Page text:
Stock is a way of understanding this. When you buy stock, lets say for 1 dollar, you have a basis of 1 dollar in the stock. When the stock price increases to 5 dollars, you have realized a gain of 4 dollars but until you sell, you have no recognized (counted) gain. Then you sell, when the stock is 5 dollars, you have to balance out the initial value, leaving you with a net 4 dollar gain. Lets say you sold it to your buddy for its actual value (5 dollars). Your gain at that point is both realized and recognized, and now he holds the stock with a 5 dollar basis. The same thing keeps repeating itself-- its not double counting because each person's actual purchase price is accounted for and decreases the value.
The same thing happens with the sales of goods that are international. We have been assuming in our examples that the purchase price and the value are the same. There would be of course situations where they arent, and I think in those areas, it might a little clearer to you. In one way, yes, the value gets double counted, but in each instance the fair market value will account for the purchase price, depreciation, or appreciation.
Can i step in on this, drea? lol
GDP is kinda like all the $$ we make from the goods and services we produce. Therefore, buying a car in Germany or a plane in France only increases their GDP, not ours. If you bought the car here, perhaps that would increase our GDP a little for the service but since the car was not produced here it does not increase our GDP. (Technically saying the same thing as subtracting imports i supposed but just another way to think about it...)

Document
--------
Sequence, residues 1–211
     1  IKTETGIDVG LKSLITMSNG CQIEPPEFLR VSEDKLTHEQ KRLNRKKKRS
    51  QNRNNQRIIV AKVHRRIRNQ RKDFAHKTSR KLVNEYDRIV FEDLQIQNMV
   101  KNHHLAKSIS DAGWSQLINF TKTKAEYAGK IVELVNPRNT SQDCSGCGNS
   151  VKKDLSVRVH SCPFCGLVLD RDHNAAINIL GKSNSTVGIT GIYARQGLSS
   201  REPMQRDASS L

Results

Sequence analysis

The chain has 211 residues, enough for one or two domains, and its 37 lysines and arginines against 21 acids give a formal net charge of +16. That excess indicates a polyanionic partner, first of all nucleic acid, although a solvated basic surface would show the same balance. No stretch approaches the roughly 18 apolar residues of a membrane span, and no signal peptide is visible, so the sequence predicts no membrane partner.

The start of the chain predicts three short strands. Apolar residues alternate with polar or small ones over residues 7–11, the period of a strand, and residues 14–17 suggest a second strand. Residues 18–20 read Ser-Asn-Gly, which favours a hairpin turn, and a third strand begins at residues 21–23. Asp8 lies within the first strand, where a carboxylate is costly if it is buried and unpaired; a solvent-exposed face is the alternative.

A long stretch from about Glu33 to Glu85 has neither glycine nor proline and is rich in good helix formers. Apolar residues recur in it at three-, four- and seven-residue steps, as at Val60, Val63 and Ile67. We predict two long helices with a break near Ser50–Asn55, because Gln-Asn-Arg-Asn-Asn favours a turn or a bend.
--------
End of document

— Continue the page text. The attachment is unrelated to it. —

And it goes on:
As for your lottery winning purchase of a jet (which i would caution you to think twice about this decision lol)...i dont think that is included in GDP. I think we are concerned with first time purchases not used as far as goods go. Feel free to challlenge that thought bc it has been awhile since i had my intro finance class and this is memory talking here....
Maybe im a little off base with the used purchases....
here is a businessweek article that may help you:
Hm, interesting questions.
Well, if you purchase a car from Germany, that's an import. Therefore, not part of consumption spending, net exports only. The money, eventually, gets filtered back into the German economy. Not the US economy.
If Jet Blue purchases an airplane from France, again, the money is filtered back into the French economy. Not ours.
I'm not sure about land though. My professor specified that homes that are not newly produced do not count in the GDP, so I'm assuming that refers to land as well? Not sure though. I have macro tomorrow morning, so I'll definitely ask and get back to you. :)
Import are not included in GDP because it is Gross "Domestic" Product. Imports only come into account when you are talking about GNP Gross National Product, so the purchase of a German car woud only count in adding GNP or Germany's GDP, not the United States.